The Rime Of The Ancient Mariner
by Samuel Taylor Coleridge
|"I fear thee, ancient Mariner!|
I fear thy skinny hand!
And thou art long, and lank, and brown,
As is the ribbed sea-sand.
|The Wedding-Guest feareth that a Spirit is talking to him;|
|I fear thee and thy glittering eye,|
And thy skinny hand, so brown." --
Fear not, fear not, thou Wedding-Guest!
This body dropt not down.
|But the ancient Mariner assureth him of his bodily life, and proceedeth to relate his horrible penance.|
|Alone, alone, all, all alone,|
Alone on a wide wide sea!
And never a saint took pity on
My soul in agony.
|The many men, so beautiful!|
And they all dead did lie:
And a thousand thousand slimy things
Lived on; and so did I.
|He despiseth the creatures of the calm.|
|I looked upon the rotting sea,|
And drew my eyes away;
I looked upon the rotting deck,
And there the dead men lay.
|And envieth that they should live, and so many lie dead.|
|I looked to heaven, and tried to pray;|
But or ever a prayer had gusht,
A wicked whisper came, and made
My heart as dry as dust.
|I closed my lids, and kept them close,|
And the balls like pulses beat;
For the sky and the sea, and the sea and the sky
Lay like a load on my weary eye,
And the dead were at my feet.
|The cold sweat melted from their limbs,|
Nor rot nor reek did they:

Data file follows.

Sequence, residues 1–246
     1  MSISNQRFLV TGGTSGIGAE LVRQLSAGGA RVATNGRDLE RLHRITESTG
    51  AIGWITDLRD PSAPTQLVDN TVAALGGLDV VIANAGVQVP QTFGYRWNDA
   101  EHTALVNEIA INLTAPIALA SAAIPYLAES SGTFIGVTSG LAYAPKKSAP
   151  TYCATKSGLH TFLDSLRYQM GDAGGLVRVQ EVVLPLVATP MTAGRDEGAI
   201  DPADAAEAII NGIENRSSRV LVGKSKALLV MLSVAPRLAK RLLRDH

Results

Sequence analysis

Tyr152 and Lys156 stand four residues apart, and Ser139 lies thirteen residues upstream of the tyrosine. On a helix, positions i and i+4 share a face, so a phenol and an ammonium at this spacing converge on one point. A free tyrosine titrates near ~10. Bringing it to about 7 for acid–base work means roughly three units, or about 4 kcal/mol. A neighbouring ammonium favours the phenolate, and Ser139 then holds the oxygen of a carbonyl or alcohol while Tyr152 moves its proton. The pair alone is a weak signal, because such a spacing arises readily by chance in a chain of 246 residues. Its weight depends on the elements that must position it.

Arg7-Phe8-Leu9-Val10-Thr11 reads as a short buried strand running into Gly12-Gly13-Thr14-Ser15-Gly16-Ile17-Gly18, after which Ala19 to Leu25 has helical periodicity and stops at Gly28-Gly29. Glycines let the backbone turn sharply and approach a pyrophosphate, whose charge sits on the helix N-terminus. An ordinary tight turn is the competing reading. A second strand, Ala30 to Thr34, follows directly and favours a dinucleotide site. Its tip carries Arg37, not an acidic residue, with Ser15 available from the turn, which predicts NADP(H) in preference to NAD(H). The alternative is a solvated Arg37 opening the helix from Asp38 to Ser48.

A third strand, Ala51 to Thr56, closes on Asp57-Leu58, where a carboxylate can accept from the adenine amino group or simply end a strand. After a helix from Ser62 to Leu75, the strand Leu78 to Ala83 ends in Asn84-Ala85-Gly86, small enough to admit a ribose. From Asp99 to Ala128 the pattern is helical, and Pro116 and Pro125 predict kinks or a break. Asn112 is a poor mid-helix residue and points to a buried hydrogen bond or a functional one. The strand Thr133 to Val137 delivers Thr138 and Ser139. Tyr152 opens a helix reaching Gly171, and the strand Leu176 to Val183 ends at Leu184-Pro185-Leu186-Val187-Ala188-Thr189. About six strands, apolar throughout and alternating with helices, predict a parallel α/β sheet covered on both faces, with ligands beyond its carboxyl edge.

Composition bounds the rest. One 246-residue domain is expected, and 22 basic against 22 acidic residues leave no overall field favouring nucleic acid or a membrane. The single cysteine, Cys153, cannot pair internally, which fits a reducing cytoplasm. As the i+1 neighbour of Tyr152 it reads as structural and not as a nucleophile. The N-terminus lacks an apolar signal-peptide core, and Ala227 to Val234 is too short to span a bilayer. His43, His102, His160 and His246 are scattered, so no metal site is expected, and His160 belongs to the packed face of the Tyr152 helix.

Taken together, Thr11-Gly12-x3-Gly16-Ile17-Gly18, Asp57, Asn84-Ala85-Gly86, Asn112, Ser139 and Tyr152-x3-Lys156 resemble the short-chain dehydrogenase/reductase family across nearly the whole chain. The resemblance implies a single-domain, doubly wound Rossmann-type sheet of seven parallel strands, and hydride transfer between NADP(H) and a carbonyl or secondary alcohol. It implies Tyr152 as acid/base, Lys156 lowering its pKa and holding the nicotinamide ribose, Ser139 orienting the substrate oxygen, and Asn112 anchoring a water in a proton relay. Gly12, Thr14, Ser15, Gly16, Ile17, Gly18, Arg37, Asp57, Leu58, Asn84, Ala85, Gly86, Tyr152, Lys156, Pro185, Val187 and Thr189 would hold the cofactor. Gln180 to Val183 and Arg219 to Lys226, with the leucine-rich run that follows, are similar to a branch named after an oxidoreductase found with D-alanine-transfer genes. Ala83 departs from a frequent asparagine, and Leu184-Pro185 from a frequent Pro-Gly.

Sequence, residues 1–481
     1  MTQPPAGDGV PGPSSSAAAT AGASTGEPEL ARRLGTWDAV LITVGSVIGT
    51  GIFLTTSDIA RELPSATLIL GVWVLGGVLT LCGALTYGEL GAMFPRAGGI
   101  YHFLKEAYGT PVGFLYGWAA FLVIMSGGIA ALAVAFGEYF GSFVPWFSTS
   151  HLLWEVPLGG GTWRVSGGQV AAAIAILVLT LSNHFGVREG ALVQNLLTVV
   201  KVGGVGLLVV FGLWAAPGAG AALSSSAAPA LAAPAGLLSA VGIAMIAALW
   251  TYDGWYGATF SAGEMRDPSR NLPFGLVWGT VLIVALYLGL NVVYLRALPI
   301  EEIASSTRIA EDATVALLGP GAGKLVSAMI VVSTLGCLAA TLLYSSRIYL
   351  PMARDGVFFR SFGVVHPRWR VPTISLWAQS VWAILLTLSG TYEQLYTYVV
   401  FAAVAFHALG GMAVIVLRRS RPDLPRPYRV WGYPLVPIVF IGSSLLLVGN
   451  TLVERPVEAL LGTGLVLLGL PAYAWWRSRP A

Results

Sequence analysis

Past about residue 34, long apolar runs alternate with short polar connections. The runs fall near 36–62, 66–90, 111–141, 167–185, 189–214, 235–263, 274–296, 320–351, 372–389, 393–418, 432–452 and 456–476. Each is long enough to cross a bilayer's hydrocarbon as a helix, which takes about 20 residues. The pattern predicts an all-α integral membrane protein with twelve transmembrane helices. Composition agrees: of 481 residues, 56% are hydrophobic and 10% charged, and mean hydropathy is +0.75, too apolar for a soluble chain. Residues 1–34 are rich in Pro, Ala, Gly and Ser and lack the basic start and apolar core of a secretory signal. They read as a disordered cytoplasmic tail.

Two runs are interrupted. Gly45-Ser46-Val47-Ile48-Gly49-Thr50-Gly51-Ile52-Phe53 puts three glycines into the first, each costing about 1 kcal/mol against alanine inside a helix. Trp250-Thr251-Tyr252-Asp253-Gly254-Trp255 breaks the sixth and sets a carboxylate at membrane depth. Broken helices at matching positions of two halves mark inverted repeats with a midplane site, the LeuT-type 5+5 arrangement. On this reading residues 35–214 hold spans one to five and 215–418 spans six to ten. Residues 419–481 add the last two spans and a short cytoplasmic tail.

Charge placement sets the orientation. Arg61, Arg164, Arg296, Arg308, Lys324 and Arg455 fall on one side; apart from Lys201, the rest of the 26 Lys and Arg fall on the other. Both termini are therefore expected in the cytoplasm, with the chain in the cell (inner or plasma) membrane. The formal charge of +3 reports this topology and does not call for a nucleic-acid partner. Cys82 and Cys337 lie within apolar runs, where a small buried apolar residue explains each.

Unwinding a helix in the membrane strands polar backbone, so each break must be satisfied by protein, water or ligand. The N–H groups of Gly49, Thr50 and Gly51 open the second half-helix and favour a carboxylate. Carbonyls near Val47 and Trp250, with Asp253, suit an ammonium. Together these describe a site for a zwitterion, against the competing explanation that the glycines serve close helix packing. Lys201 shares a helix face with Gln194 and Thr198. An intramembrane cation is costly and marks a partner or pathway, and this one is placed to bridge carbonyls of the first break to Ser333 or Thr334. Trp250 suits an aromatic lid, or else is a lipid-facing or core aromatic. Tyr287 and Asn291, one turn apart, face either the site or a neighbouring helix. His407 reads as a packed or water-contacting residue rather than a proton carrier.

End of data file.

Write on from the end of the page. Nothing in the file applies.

The look with which they looked on me
Had never passed away.
|But the curse liveth for him in the eye of the dead men.|
|An orphan's curse would drag to hell|
A spirit from on high;
But oh! more horrible than that
Is the curse in a dead man's eye!
Seven days, seven nights, I saw that curse,
And yet I could not die.
|The moving Moon went up the sky,|
And no where did abide:
Softly she was going up,
And a star or two beside --
|In his loneliness and fixedness he yearneth towards the journeying Moon, and the stars that still sojourn, yet still move onward; and every where the blue sky belongs to them, and is their appointed rest, and their native country and their own natural homes, which they enter unannounced, as lords that are certainly expected and yet there is a silent joy at their arrival.|
|Her beams bemocked the sultry main,|
Like April hoar-frost spread;
But where the ship's huge shadow lay,
The charmed water burnt alway
A still and awful red.
|Beyond the shadow of the ship,|
I watched the water-snakes:
They moved in tracks of shining white,
And when they reared, the elfish light
Fell off in hoary flakes.
|By the light of the Moon he beholdeth God's creatures of the great calm.|
|Within the shadow of the ship|
I watched their rich attire:
Blue, glossy green, and velvet black,
They coiled and swam; and every track
Was a flash of golden fire.
|O happy living things! no tongue|
Their beauty might declare:
A spring of love gushed from my heart,
And I blessed them unaware:
Sure my kind saint took pity on me,
And I blessed them unaware.
|Their beauty and their happiness.|
He blesseth them in his heart.
|The selfsame moment I could pray;|
And from my neck so free
The Albatross fell off, and sank
Like lead into the sea.
|The spell begins to break.|
Source:The Golden Book Of Coleridge
London: J.M. Dent & Sons, Ltd.
New York: E. P. Dutton & Co.